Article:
“We make a living by what we get, but we make a life by what we give.”
This sentiment expressed by Winston Churchill so long ago is heartily embraced by many Americans today. In fact, nearly 27 percent of adults volunteered 15 billion hours in 2009 to U.S. nonprofits. Of these, many are proven business leaders who choose to contribute wealth, wisdom and clout by serving as nonprofit board directors.
Corporate executives can lend valuable expertise to guide strategy and offer sound business advice. But serving as director of a nonprofit board requires the ability to oversee, rather than manage — an important distinction.
Although the board is the highest authority in a nonprofit organization, it doesn’t concern itself with day-to-day operations. Instead, it hires a chief executive to implement strategy and manage the staff. Unfortunately, all too often well-intended corporate executives fall into the trap of trying to lead from their board seats in the same manner as they lead their companies. At best this creates confusion, at worst it leads to conflicts between board directors and paid chief executives. Board directors can maximize their contribution and ensure a mutually satisfying experience by taking time to understand how nonprofits operate and embracing governance best practices. .
Effective nonprofits establish job descriptions that articulate the respective roles and responsibilities for board directors and chief executives. In these organizations, Board directors annually assess their own performance as well as that of the chief executive.
Unlike a business that drives to the bottom line, nonprofits are formed to fulfill purposes (missions) that promote the betterment of society. In this sense, nonprofits are said to “hold public trust.” As a result, nonprofits and their board directors are subject to strict ethical guidelines and public scrutiny. Board members’ basic oversight duties are:
Duty of Loyalty
Duty of Obedience
Duty of Care
The Duty of Loyalty requires sole commitment to the organization. Examples of actions that violate the Duty of Loyalty are self-dealing (using a board position for personal gain) and favoring the interests of a particular stakeholder group above the interests of the entire organization.
The Duty of Obedience is to ensure that operations and resources are aligned to fulfill the mission. For example, the board should periodically review the mission to make certain it is still relevant in the current environment and that programs and services are serving stakeholders appropriately and well.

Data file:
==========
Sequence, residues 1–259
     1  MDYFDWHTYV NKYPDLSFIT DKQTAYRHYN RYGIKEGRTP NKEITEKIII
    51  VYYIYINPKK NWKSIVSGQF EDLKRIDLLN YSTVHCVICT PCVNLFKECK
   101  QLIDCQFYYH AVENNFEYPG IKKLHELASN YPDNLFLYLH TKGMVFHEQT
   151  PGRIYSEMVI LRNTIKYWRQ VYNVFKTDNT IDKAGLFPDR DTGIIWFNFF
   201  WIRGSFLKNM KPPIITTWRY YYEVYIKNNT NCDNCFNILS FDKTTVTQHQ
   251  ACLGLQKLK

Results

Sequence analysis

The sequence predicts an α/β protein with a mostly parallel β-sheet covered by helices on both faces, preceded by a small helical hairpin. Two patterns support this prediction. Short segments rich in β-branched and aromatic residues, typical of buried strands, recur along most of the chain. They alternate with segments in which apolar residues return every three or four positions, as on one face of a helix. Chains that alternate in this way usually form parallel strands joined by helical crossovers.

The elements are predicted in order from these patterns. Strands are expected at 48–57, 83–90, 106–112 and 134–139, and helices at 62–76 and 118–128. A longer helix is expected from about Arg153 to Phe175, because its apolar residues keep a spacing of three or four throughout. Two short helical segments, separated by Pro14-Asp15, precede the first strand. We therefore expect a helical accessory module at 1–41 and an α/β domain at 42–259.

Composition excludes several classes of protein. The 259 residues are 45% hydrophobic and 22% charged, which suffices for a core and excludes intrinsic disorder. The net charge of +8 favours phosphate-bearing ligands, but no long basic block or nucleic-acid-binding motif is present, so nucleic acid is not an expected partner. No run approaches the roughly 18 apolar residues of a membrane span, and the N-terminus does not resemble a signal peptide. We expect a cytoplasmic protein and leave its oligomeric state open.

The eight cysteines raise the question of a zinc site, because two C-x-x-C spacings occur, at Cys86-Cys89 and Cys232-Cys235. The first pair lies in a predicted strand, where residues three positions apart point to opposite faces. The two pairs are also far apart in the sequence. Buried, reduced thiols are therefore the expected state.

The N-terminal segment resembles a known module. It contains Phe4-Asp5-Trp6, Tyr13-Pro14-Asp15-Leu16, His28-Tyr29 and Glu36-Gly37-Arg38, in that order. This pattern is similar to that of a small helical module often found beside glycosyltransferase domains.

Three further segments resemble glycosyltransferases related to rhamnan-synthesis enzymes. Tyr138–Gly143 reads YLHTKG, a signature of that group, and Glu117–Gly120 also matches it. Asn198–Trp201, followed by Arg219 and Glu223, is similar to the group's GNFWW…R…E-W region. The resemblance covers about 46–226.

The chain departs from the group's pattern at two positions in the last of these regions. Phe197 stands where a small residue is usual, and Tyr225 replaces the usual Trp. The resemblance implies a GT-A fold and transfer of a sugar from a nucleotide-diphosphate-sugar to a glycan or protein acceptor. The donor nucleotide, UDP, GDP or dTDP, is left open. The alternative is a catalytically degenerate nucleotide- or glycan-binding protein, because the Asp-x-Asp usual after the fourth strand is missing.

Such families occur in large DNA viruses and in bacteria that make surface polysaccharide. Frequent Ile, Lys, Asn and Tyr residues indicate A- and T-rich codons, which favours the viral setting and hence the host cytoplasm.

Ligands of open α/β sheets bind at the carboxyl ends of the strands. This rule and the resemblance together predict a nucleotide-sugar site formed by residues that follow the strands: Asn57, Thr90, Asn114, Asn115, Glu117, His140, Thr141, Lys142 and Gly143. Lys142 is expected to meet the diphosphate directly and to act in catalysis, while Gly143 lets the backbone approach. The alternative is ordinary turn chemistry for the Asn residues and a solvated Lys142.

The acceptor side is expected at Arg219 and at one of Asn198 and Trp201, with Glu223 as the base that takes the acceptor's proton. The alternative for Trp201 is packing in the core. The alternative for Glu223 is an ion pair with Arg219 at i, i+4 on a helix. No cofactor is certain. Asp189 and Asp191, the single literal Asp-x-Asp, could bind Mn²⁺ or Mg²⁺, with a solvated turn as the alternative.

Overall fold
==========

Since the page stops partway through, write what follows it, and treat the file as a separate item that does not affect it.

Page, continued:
The Duty of Care requires responsible financial and legal stewardship when making board decisions. This includes:
Hiring independent auditors to conduct annual audits
Approving any loans, accumulations and restricted accounts
Overseeing, bank accounts, investment advisors and/or endowments
Monitoring sales transactions
Overseeing compensation and benefits
Approving capital campaigns and fund raising goals
Complying with legal and fiduciary laws and regulations
Instituting, monitoring and enforcing ethics and conflict of interest policies
Ensuring that the constitution and bylaws are up-to-date
Effective board directors are well aware of fund raising goals and understand and agree to fund raising expectations specific to board directors. In addition to soliciting funds from others, it is a standard best practice for every member of the board to contribute personally. Prospective funders often inquire about the board’s level of giving. Funders are fond of saying, “If everyone on your own board doesn’t support your nonprofit, why should we?”
Last, but not least, board directors who contribute best believe in the mission. They are willing to offer their time, talent and business savvy because they are fired up about the “cause.” Nonprofit board service is a meaningful contribution to the greater good, and brings much personal satisfaction. But it requires a different mindset and approach to leadership than many executives use in the daily management of their businesses.
Kae Rader is president of Rader Consulting, LLC. Reach her at email@example.com.